In 1894, the Farmers and Merchants Bank was organized, Mr. Davis being one of the principal men in its formation. For two years he gave much of his time to the active management of the bank, and is now serving as vice-president. He is the largest stockholder in the bank, which is one of the best in Linn County. At the time the bank was organized a Building and Loan Association was also incorporated, and for the first two years Mr. Davis was its president, since which time he has served as treasurer. He is also treasurer of the local telephone company, which has been in existence for three years.
On the 14th of December 1887, Mr. Davis was united in marriage with Miss Nellie Elliott, and daughter of Johnston Elliott, Jr., and by this union four children have been born - Laverna E., aged twelve, Esther P., aged ten, Priscilla M., aged seven, and J. Elliott, aged one. The parents are members of the Congregational church, in which Mr. Davis has served at different times in various official positions.
Fraternally Mr. Davis is a Mason of high degree, and is now serving as worshipful master of the blue lodge, of Marion. He has at different times served his lodge as delegate to the Grand Lodge of the state and is now a member of the Finance Committee, of the Grand Lodge. Since its organization in 1894, he has been secretary of the Masonic Temple Association. He is also a member of the Independent Order of Odd Fellows.
Mr. Davis is a very busy man, enterprising in the highest degree. While his lumber interests requires the greater part of his time he gives much attention to the real estate business in which he is quite extensively interested, and also to the banking business. As administrator of the estate of Johnston Elliott, Jr., he has had much labor to perform. No man in Marion has done more for its business and commercial interests in the past twenty years than Mr. Davis. No enterprise calculated to advance the interest of his adopted city and county but finds in him a steadfast friend. His pluck, push and energy has brought him to the front in business circles, and his friends are numerous throughout Linn and adjoining counties.
ALBION K. DAVIS
Contributed by, Susan Cranston
Biographical Record of Linn Co. Iowa, S.J. Clarke Publishing Company 1901
This gentleman, who is now spending the closing years of a long and useful life free from business cares at his pleasant home in Marion, was for over thirty years prominently identified with railroad contracting, and was also engaged in mercantile pursuits in Marion for a time, but is now living retired. He was born in York county, Maine, on the 30th of July 1829, and is a son of Thomas and Mary (Durgin) Davis, both natives of Newfield, of that state. Throughout life the father followed the occupation of farming and continued to make his home in the old Pine Tree state until called to his final rest in August, 1852, at the age of fifty-two years and five months. He was widely and favorably known and was a worthy representative of an old Maine family. His grandfather, Daniel Davis, served as a private in the Revolutionary war for several years. The mother of our subject died at the home of her son Thomas M. in Missouri, in 1871, at the age of sixty-five years. Of the ten children of the family our subject is second in order of birth. The others who are still living are Thomas M., of Missouri; and Osborn, of the state of Washington.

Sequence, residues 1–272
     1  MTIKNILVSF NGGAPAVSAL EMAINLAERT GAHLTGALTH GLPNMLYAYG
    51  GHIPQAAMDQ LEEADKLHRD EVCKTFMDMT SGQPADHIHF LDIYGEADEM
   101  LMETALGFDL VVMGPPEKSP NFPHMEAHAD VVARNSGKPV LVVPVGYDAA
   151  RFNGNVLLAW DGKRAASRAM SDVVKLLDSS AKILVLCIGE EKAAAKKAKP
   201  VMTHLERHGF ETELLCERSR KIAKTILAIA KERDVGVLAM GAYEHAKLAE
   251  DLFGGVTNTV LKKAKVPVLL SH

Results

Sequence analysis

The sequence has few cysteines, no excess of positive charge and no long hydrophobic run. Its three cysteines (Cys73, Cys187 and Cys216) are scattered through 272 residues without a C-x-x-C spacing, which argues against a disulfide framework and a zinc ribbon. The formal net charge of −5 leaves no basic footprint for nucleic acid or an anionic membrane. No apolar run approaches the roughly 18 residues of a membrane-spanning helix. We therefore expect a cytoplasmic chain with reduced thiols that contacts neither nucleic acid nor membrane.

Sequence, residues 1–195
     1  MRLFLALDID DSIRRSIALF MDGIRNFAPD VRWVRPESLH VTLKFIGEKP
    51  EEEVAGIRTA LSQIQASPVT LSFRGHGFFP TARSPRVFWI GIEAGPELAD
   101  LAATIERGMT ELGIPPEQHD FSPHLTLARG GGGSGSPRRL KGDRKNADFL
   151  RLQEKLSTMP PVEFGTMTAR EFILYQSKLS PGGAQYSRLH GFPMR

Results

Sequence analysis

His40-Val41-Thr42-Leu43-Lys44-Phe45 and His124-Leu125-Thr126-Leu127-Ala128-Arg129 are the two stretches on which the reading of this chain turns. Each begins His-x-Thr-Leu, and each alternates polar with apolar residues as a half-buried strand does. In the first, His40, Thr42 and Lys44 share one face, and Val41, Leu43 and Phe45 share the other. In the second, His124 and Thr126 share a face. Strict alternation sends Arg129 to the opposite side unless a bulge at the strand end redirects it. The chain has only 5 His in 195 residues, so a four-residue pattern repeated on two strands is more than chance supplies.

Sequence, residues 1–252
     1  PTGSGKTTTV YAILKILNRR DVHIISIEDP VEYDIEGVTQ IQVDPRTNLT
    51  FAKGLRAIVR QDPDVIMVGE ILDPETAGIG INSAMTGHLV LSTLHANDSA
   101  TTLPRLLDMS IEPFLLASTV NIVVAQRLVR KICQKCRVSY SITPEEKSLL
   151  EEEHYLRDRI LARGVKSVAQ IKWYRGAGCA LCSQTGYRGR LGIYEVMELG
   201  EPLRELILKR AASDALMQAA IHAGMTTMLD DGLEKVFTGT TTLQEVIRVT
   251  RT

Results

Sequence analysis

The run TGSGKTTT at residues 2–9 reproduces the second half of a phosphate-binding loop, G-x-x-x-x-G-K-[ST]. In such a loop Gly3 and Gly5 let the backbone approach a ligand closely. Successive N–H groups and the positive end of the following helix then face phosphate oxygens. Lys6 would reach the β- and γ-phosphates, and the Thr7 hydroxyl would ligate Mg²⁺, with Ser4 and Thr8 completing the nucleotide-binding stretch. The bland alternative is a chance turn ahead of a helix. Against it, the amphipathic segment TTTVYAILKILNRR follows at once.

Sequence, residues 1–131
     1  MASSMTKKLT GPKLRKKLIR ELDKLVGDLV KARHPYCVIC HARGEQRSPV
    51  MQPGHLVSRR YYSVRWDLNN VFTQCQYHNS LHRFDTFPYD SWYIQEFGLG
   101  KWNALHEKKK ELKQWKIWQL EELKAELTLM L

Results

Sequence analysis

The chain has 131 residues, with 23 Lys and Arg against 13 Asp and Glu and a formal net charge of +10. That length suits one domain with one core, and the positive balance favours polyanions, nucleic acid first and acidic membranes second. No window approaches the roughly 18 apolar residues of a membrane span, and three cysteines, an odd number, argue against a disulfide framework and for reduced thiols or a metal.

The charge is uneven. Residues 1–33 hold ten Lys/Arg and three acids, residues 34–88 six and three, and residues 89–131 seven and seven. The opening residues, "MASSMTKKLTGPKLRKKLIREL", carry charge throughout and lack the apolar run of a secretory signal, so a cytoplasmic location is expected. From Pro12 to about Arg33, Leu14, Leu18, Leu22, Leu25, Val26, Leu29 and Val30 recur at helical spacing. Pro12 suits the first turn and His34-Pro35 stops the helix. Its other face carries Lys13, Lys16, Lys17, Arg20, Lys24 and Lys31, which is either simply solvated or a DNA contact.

During his early life A. K. Davis pursued his studies in the district schools of Maine, and aided in the work of the farm until after reaching manhood. Coming west in 1856, he located on a farm in Clinton county, Iowa, which he operated for several years. At the same time he also engaged in railroad construction in Illinois, and later rented his farm and gave his entire time and attention to the latter business. He helped build the Chicago & Northwestern road; the Sioux City road in 1867; and in 1870 built the first thirty miles of the Sabula, Ackley & Dakota Railroad, now a part of the St. Paul system. Later in 1870 he built the first ten miles of the Iowa Midland, from Clinton to Lyons; and a part of the road from Ottowa to Hedrick in 1882, employing many operatives. In 1887 he built a part of the branch of the B. & M. road in Cheyenne and Rawlins counties, Kansas, but since then has largely lived retired. In 1875 he removed to Marion and has since made this place his home. He first engaged in the hardware business, in which he continued for four years, when he sold out, and has practically since lived retired.
Mr. Davis was married in 1857, the lady of his choice being Miss Octavia Challis also a native of York county, Maine, and a daughter of Sumner and Susan Challis life-long residents of that state. The father, who was a farmer and miller by occupation, died in 1871, aged sixty-four years, and the mother passed away in 1895, aged ninety-seven. They had seven children, of whom only two now survive, these being Mrs. Davis and Albion, a resident of Maine. Mr. and Mrs. Davis have two children: Arethusa S., at home; and Tuillar J., a sketch of whom appears on another page of this volume.